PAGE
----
Three years ago this month, Rep. Matt Gaetz went a little too far ahead of a congressional hearing. Former Trump Organization executive Michael Cohen was poised to testify before the House Oversight Committee, and the Florida congressman thought it’d be a good idea to taunt the witness, publishing a tweet about Cohen possibly going to prison.
Almost immediately, Gaetz was accused of witness tampering, causing the Republican firebrand to quickly retreat, delete the tweet, and issue an uncharacteristic apology.
The House Ethics Committee nevertheless concluded in 2020 that Gaetz violated House rules, and the panel issued a smack on the wrist.
The incident came to mind again this week after Republican Rep. Clay Higgins of Louisiana suggested to former Twitter executives during a committee hearing that they’d eventually be arrested.
According to the far-right Louisianan, the former Twitter employees deliberately interfered with the 2020 presidential election. “That’s the bad news: It’s going to get worse,” Higgins told the witnesses during an Oversight Committee hearing. “Because this is the investigation part; later comes the arrest part. Your attorneys are familiar with that.”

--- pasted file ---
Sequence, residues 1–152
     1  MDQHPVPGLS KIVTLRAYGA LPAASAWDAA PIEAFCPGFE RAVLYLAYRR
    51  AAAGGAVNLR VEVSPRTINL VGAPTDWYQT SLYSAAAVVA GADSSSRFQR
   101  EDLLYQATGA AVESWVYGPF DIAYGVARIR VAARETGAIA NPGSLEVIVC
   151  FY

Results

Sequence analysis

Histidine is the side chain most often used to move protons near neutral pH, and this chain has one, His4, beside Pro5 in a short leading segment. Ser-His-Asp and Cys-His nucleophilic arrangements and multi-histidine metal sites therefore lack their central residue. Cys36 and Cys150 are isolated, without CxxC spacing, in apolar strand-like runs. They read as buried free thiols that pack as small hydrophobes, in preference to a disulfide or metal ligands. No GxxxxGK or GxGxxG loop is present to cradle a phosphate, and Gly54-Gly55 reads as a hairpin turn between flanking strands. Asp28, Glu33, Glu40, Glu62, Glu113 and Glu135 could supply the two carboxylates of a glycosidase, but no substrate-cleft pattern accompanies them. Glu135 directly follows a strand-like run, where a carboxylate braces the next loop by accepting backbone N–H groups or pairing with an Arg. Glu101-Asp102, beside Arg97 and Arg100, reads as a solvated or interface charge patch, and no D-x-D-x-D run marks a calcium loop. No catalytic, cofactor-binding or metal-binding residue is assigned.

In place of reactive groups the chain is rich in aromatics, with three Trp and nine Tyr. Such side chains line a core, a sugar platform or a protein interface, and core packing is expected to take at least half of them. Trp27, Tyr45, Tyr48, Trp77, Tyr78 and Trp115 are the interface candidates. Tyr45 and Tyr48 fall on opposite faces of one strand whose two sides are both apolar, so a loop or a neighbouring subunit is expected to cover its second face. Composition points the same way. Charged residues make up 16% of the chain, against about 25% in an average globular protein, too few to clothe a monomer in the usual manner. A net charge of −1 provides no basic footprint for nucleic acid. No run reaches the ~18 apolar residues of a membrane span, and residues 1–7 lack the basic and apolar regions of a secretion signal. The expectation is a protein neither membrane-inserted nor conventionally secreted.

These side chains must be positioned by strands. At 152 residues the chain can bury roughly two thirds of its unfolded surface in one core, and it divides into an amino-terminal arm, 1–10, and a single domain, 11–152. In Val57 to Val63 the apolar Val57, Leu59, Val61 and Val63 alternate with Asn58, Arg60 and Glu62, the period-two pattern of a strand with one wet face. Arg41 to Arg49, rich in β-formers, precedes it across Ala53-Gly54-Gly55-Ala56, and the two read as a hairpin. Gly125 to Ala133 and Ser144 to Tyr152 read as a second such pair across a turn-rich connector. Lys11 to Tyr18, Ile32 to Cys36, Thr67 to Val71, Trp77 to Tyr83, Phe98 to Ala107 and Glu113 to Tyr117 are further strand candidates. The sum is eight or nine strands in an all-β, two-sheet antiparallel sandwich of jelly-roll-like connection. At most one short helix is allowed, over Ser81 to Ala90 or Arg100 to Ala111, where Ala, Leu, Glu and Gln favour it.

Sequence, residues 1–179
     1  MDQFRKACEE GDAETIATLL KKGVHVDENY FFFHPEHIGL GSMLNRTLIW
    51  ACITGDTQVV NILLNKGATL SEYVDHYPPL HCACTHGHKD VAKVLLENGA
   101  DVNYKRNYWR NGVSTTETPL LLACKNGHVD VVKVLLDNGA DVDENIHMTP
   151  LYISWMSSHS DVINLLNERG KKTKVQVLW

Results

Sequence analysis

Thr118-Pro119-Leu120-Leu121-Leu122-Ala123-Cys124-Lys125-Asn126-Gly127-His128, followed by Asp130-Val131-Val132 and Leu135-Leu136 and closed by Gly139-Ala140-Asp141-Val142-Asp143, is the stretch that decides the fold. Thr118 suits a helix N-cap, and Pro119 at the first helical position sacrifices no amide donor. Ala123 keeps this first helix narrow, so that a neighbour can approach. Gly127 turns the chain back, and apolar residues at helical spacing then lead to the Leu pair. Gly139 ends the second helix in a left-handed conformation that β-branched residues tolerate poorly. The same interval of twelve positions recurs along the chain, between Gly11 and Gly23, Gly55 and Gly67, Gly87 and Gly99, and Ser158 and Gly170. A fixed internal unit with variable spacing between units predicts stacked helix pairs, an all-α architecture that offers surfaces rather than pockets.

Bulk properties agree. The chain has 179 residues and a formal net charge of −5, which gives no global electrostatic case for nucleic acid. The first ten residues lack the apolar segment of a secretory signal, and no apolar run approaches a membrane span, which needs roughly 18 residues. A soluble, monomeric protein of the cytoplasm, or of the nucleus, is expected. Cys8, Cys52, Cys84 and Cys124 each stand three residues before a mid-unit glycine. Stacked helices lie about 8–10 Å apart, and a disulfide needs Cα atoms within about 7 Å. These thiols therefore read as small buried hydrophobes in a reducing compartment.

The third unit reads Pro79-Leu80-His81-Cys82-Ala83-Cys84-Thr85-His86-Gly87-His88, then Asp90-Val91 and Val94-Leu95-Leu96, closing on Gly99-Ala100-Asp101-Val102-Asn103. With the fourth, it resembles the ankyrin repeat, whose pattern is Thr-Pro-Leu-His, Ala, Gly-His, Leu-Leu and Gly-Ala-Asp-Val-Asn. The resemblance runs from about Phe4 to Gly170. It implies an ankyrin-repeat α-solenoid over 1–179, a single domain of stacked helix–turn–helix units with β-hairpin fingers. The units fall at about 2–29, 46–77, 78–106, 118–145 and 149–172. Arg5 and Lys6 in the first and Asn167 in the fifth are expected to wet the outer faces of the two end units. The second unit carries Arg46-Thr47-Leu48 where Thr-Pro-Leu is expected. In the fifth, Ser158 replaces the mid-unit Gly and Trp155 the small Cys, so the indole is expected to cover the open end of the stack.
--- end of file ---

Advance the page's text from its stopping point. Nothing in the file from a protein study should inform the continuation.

At face value, the rhetoric was quite bonkers. The entire hearing was designed to advance GOP conspiracy theories about Hunter Biden and social media, but the discussion proved largely the opposite of the points Republicans hoped to make. The idea that the proceedings generated evidence that would lead to arrests was impossible to take seriously.
And yet, there was Higgins, either unaware that the hearing was a flop or indifferent to what had transpired, suggesting to witnesses that they might want to prepare for prosecution. (Donald Trump, true to form, promoted a video of the comments through his social media platform.)
The problem, however, was not just that the GOP congressman was wrong. With the Gaetz/Cohen incident in mind, there was a related question: Had Higgins’ nonsense crossed a line of propriety? A Washington Post analysis added:
Rep. Kweisi Mfume (D-Md.) raised a point of order, declaring what had happened “awfully close to witness intimidation” and asking Chairman James Comer (R-Ky.) to intervene. Rep. Alexandria Ocasio-Cortez (D-N.Y.) asked for clarification on the rules about accusing someone of a crime. Both labeled what transpired a “threat.” Comer said he didn’t see “any witness threatening” and merely urged members to observe decorum and treat witnesses with “respect.”
It’s certainly possible that Higgins will follow the Gaetz example and express some degree of contrition. It’s also possible that Republican politics is so badly broken that the Louisianan will turn the incident into a fundraising appeal.
Either way, even the congressman is struggling to defend his own conduct. When Higgins appeared on Fox News last night, Laura Ingraham asked the Republican what crimes he believes the former Twitter executives committed, he made vague references to some kind of unproven FBI conspiracy, but failed to point to anything specific.
If the House Ethics Committee reaches out, the far-right congressman might need a better response.